Whether you want to practice the trombone or play with your children, using an RSS reader is usually the starting point for any strategy to collect and unplug so that you can get on with living your life. Many of you probably already use RSS feeds in this way and, if so, this post might be a little basic for you and you’ll probably think I’m way behind the times.
But that’s the point. Our times are frenetic. We’re scattered and stretched and wasting time and energy on stuff that doesn’t matter or that can be done more easily using simple technologies like RSS. And many people either don’t know there are tools available to help take control back or are intimidated by them.
A little about RSS
First, the acronym “RSS” stands for Really Simple Syndication. It’s a way that websites and blogs can let you know there’s something new available and (often) allow you to read it at your leisure. The best analogy or schema I’ve heard is that it’s a lot like the Associated Press‘s news wire.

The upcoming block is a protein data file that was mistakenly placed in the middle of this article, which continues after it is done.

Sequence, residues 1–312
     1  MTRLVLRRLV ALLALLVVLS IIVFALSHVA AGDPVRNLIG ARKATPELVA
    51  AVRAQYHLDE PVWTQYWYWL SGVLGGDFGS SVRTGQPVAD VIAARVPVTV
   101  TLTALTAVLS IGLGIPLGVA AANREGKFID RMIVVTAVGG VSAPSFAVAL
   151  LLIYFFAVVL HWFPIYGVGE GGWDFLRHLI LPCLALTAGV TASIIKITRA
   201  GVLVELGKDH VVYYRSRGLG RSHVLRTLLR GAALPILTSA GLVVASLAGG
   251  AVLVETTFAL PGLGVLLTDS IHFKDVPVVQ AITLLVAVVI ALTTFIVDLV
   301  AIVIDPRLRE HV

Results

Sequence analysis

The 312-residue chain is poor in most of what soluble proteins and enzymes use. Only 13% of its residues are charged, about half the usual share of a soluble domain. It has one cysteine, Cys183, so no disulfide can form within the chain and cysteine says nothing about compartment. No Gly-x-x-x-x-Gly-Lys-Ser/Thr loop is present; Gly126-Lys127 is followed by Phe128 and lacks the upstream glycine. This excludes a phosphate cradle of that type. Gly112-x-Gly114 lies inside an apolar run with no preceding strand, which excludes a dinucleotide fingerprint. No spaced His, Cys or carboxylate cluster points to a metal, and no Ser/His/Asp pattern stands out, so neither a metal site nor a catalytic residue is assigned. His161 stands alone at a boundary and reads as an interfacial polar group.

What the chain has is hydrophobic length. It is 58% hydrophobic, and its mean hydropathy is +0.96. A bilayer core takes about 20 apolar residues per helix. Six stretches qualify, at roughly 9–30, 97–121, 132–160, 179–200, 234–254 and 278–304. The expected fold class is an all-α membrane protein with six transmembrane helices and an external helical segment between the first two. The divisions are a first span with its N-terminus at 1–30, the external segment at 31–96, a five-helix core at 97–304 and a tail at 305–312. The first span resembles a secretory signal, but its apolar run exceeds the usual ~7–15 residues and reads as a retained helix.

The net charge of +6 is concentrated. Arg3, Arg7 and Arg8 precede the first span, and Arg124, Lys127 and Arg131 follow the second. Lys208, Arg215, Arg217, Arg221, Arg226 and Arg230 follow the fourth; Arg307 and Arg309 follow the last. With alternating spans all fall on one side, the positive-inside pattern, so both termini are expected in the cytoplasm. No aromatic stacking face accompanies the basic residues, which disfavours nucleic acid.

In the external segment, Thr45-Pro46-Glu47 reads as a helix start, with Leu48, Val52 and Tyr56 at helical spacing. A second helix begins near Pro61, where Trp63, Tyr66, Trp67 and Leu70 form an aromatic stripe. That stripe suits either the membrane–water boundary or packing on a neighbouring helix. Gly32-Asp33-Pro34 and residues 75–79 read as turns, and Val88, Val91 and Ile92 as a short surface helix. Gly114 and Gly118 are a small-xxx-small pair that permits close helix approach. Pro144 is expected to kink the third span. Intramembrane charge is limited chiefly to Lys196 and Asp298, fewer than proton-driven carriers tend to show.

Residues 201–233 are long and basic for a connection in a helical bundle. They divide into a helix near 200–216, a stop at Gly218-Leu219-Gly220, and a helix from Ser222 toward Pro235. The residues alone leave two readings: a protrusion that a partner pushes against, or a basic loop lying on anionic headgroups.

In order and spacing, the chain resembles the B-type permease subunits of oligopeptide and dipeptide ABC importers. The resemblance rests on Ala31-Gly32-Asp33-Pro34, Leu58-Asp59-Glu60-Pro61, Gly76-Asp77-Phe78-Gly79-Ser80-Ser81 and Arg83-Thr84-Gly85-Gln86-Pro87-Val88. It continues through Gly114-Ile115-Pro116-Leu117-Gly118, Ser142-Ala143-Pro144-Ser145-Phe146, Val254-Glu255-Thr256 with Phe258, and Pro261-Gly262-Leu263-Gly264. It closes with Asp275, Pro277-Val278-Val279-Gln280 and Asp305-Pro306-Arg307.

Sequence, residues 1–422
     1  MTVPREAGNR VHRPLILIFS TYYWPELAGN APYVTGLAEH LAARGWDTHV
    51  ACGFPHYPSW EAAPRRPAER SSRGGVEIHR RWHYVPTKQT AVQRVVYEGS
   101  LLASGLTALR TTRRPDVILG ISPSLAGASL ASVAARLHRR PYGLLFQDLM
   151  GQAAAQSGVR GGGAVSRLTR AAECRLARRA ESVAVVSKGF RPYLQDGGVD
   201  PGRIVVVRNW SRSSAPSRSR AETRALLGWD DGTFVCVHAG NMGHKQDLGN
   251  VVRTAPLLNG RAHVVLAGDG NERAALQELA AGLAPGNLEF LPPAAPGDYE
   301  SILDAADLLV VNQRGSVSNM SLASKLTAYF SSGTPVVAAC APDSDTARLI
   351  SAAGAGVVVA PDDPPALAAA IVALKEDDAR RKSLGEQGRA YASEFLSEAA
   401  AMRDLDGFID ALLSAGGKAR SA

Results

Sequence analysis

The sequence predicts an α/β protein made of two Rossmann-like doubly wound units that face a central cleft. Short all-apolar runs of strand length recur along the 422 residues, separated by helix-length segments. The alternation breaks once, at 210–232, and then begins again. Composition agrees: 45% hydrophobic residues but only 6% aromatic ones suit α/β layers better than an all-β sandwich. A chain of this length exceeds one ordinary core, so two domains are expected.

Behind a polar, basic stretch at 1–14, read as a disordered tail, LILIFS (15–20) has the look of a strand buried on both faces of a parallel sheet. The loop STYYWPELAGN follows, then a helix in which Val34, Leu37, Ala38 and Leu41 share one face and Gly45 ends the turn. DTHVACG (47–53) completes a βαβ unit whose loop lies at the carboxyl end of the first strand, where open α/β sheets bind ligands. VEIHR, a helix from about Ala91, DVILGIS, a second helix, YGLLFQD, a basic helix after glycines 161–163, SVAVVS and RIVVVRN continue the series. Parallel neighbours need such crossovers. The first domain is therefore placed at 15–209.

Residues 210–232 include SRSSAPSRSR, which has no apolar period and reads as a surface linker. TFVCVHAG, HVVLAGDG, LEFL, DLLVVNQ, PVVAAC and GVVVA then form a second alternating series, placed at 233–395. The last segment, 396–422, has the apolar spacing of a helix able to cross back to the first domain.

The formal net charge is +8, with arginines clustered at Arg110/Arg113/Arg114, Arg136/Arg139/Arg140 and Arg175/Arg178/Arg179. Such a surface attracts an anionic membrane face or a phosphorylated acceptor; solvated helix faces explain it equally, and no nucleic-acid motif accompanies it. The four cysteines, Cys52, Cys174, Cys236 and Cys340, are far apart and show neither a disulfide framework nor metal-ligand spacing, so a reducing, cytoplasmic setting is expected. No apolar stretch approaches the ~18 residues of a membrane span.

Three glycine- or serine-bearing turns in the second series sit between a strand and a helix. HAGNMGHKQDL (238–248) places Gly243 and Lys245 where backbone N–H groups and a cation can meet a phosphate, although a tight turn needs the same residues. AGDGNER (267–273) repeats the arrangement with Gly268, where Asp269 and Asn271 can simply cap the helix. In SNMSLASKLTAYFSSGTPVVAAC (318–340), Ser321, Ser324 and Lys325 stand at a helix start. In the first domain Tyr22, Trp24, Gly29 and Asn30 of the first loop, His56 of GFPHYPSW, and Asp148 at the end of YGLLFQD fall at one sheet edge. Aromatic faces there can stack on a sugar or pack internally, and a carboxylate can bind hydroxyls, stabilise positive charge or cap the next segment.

- First, nearly half of my readers use some form of RSS reader to keep up with my blog.
- Second, maybe you have an analogy for what it is and how it works; your analogy might even be better. If so, why not share it in the comments?
Not Getting Too Technical
I’m not actually all that interested in the technical side of how an RSS feed works (if you are, you can read more about that here). Rather, I’m interested in using an RSS feed to automate and collect. So, let’s look at the five steps of RSS that actually matter.
Last week I told you that it was OK for you to unplug. However, that’s not going far enough. You need to unplug.
Of course, saying it is the easy part, actually unplugging is difficult. It’s especially difficult if you’re afraid you’re going to miss something important. However, especially in terms of your electronic interactions, you can use technology to collect stuff that’s important while you’re unplugged. Then, when you plug back in, your important stuff is, in the words of Richard Marx, “right [there] waiting for you.” (yeah, I’m that old)
OK. I want to unplug. But how do I collect stuff?